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Nebular Epistemics

Nebular Epistemics: A Glossary (Scholarship Like a Spider or Spit)


Deutsche Version

Although I discuss one of the more abstract forms of videographic criticism in this piece, so-called ‹deformative› criticism, this video essay is itself closer to the disparaged mode of the illustrated lecture. «Nebular Epistemics» features a costumed persona seated at a desk and flanked by a screen with projected slides and clips. (The allusion, signalled in the music, is to the format of Spalding Gray’s filmed monologue, Swimming to Cambodia.)1 Other elements include extracts from videographic work by Jason Mittell and Jenny Oyallon-Koloski and from a film by Lars von Trier and Jørgen Leth.2 Their presence is self-explanatory. But the presence of segments from the recording of a car journey in which the maker inexpertly discusses ideas with his partner (dance artist and filmmaker Marie Hallager Andersen) might require some justification (the reason for the use of stills in these segments may be clarified in the credits to the video essay).

I forget where, but I once read a description of the paintings of R. B. Kitaj that praised the artist’s use of ‹first marks› – those clumsy but vivid first lines traced on a canvas to describe a figure or object. A different painter might have painted over or corrected such traces, but Kitaj often retained them, perhaps for their vitality, in work that might otherwise be highly finished and virtuosic. I wanted to adapt this idea of ‹first marks› for a video essay that has been highly worked, in order to acknowledge the process of thought, and in order to make visible some of the labour (the academic’s and his interlocutors’) often obscured in the making of a finished piece.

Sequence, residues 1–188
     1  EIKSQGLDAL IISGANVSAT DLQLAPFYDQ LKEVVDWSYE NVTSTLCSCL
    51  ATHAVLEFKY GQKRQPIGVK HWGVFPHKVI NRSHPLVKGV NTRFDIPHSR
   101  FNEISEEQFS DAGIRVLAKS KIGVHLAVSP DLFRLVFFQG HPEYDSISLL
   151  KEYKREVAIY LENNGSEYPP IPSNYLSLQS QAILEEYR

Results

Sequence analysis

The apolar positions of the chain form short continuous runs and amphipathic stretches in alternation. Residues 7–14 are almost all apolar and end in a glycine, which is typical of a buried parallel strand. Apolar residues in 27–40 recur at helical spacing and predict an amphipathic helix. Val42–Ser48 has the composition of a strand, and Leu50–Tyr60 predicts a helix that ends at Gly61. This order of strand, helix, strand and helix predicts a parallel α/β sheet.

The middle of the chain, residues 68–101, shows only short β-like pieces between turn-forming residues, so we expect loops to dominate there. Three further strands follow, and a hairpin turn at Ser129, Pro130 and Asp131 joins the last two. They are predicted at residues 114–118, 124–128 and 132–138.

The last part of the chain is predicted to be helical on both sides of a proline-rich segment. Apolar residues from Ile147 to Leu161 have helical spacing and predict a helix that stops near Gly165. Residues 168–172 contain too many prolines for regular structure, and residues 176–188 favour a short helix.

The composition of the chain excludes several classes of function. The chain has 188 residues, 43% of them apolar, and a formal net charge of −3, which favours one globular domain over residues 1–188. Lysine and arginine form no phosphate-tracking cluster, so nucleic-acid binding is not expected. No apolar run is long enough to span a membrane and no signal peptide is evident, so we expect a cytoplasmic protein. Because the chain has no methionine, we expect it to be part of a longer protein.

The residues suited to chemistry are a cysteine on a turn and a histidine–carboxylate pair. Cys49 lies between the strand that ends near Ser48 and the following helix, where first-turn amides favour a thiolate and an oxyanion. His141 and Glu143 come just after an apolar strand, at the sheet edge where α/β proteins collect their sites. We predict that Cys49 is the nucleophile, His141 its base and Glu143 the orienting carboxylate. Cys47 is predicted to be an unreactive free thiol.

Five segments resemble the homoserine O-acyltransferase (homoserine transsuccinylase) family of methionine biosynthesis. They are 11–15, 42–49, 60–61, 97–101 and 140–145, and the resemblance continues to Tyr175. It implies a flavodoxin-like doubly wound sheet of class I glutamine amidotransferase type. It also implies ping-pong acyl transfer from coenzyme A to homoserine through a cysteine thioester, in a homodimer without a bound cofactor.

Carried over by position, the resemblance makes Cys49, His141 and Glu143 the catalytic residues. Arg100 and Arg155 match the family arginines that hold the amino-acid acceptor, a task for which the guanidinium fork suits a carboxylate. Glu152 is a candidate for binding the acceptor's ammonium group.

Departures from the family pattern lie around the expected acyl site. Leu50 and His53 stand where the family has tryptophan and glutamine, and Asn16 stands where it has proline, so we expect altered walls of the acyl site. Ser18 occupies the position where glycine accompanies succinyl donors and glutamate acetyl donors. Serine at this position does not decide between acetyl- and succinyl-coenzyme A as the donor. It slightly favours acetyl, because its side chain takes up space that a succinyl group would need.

The hesitant and clumsy thinking recorded in these segments might make the spectator suspect the authority of the video essay’s male speaking persona; the tone of the piece (arch, perhaps) might make the spectator doubt his sincerity. The effect is intentional: part of the nebular ethos set out in the video essay is expressed in the possible unreliability of the speaker. In the quote used at the beginning of the video essay, Adorno suggests that the essay is a form in which «the thinker does not actually think but rather makes himself into an arena for intellectual experience».3 In a sense, then, the video essay speaker’s reliability is neither here nor there: what matters is the experience enabled by the video essay itself. And so, although it deploys the most formally conservative of modes, the illustrated lecture, I conceive of «Nebular Epistemics» as scholarship in a modernist idiom: an arrangement of strands and fragments designed to be (re-)composed by the spectator.

  • 1Swimming to Cambodia, Dir.: Jonathan Demme, USA 1987.
  • 2Jason Mittell, Object Oriented Breaking Bad, Vimeo, 2019, https://vimeo.com/336691810; Jenny Oyallon-Koloski, Musical Deformations: Les Demoiselles de Rochefort Grid, Vimeo, 2017, https://vimeo.com/231327035; The Five Obstructions, Dirs.: Lars von Trier and Jørgen Leth, Denmark 2003.
  • 3Theodor Adorno: The Essay as Form, in: Theodor Adorno: Notes to Literature, New York 1991, 13.

Bevorzugte Zitationsweise

O’Leary, Alan: Nebular Epistemics. Nebular Epistemics: A Glossary (Scholarship Like a Spider or Spit). In: Zeitschrift für Medienwissenschaft, ZfM Online, Videography, , https://zfmedienwissenschaft.de/en/online/videography-blog/nebular-epistemics.

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